It is obvious that the non-Christians had and continue to have some sort of holly-envy. Hey, what's with this merrymaking? We want in. Not that what we now think of as "traditional" Christmas decorations have that much, if anything, to do with the birth of Jesus. After all, there is some thought that we celebrate Jesus' birthday as December 25 not because he might actually have been born on that date, but because that was also the pagan celebration of the birth of the "sun god", Saturnalia.

This just might have been good proselytzing in the early church; bring those heathen pagans into the pews (did they have pews back in the early days?). The serious point is that the actual date is not important. Simply does not matter. What matters is His advent, and the promise that His cradle will give way to His Cross and thence His Crown. December 25 is as good as any other date (or January 6 in the Eastern church).

So, what's a believer to do? Relax, enjoy the season, and understand that most people mean no harm in the way in which they celebrate the birth of the Savior. But never, ever, lose sight that we should always be watching for His coming -- not just for a few weeks at the end of the year.
11.16.2004    |    Not to choose is to choose
Where do we think we stand as regards being predestined for salvation? If we accept that God is omniscient and omnipotent, then the question of whether God "chooses" us for election has two answers. First, you may believe that there is a positive choice made by God: who to save; who not to save.

Alternately, those who allow that our free will operates to save us should consider this: not to choose is to choose. That is, again, given that God knows all and can do anything if that is His will, He knows, from the very beginning of creation, whether our free will will be used to open us up to His saving grace. The mystery remains: since God could change the events that He has foreknowledge of, would he?

Either way, Romans Chapter 8 would seem to make the Calvinist case. Romans 8:28-30 (NIV):
28 And we know that in all things God works for the good of those who love him, who have been called according to his purpose.29 For those God foreknew he also predestined to be conformed to the likeness of his Son, that he might be
the firstborn among many brothers.30 And those he predestined, he also called; those he called, he also justified; those he justified, he also glorified.
Seems quite clear. Those whom God would save, are predestined, foreknown by God. Now, from when does God know who would be saved? For an answer, look at Ephesians 1:4-6:
4 For he chose us in him before the creation of the world to be holy and blameless in his sight. In love5 he predestined us to be adopted as his sons through Jesus Christ, in accordance with his pleasure and will-6 to the praise of his glorious grace, which he has freely given us in the One he loves.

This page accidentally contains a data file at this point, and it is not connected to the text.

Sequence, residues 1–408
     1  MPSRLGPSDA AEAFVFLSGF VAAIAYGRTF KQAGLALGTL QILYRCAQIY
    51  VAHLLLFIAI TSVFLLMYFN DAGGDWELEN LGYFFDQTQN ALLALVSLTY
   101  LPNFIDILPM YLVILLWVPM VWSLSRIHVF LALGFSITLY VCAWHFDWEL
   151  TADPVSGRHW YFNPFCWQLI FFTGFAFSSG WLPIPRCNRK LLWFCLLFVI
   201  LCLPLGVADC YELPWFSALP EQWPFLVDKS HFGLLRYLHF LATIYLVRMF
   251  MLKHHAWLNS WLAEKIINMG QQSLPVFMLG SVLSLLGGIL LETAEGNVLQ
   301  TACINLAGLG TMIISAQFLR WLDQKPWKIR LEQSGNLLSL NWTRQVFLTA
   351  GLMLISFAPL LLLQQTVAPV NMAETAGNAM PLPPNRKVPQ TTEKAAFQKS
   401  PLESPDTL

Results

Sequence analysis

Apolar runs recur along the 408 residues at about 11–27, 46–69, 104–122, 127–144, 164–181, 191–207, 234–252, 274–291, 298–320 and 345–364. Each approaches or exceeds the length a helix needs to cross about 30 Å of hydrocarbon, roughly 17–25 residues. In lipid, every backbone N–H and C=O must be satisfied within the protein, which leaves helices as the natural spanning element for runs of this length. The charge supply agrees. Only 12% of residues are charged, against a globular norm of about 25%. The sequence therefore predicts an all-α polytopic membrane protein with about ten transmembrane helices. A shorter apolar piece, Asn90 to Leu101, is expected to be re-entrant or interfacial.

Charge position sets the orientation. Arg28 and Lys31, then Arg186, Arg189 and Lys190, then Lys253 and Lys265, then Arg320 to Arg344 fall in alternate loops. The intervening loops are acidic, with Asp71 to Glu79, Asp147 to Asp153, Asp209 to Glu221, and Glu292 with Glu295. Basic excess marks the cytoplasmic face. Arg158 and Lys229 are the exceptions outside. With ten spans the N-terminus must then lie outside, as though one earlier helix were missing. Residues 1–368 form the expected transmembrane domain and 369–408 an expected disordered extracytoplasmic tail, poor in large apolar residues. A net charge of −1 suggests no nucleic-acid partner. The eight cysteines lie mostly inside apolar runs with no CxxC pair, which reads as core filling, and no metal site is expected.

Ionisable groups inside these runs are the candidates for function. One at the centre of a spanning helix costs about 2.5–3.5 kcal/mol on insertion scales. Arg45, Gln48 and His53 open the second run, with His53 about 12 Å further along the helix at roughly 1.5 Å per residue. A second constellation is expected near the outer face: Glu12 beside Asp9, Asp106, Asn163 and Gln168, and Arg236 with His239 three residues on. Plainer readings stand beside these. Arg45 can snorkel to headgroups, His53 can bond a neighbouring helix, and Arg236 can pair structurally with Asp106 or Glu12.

Well, there you have it. God has known which of us is destined to be saved, or not, from "before the creation of the world." Again, if there’s a distinction between God choosing, and knowing how we will choose but doing nothing to change that choice, I'm not sure it matters.

Still open for discussion, of course, is whether God would change His mind as a result of our free will. This gets into paradox territory, since God already, from the beginning, knew (knows?) what we will do, knew everything, what would make Him change His mind? If He were going to change His mind, He'd have done it at the beginning…wouldn't He? Seems logical, as there should be nothing that happens that He doesn't know about in advance.

Makes your head hurt if you think about this too much, I say. For now, I just accept that the choice has been made by God, at least by omission; it’s on us to wake up to that choice. So, where does that leave our free will? In the dust of Paul's epistles? God has chosen, before we were born - "For you created my inmost being; you knit me together in my mother’s womb", as the Psalmist reminds us (139:13).

We are operating blind as to free will in the here and now. God may know, but we surely can't know for certain as to our salvation. The best we can do is use our free will, in the hope that we will be able to open ourselves up to grace. I don't believe that God would deny salvation to any one of us who are truly open to His grace; I just think that He knows how we will choose, but He Himself chooses to not change what will be.

If God wills otherwise, against our salvation, any and all of our efforts would be in vain. But if God has chosen us for salvation, His call will be irresistable. I’d like to think that it’s a tautology – if we are chosen, of necessity our free will will open us up to His grace.

Once open, we will have His help in standing firm in the gap. Jesus tells us, in Luke’s Chapter 21:14-19, that those who have accepted Christ will persevere:

14…make up your mind not to worry beforehand how you will defend
yourselves.15 For I will give you words and wisdom that none of your adversaries
will be able to resist or contradict.16 You will be betrayed even by parents,
brothers, relatives and friends, and they will put some of you to death.17 All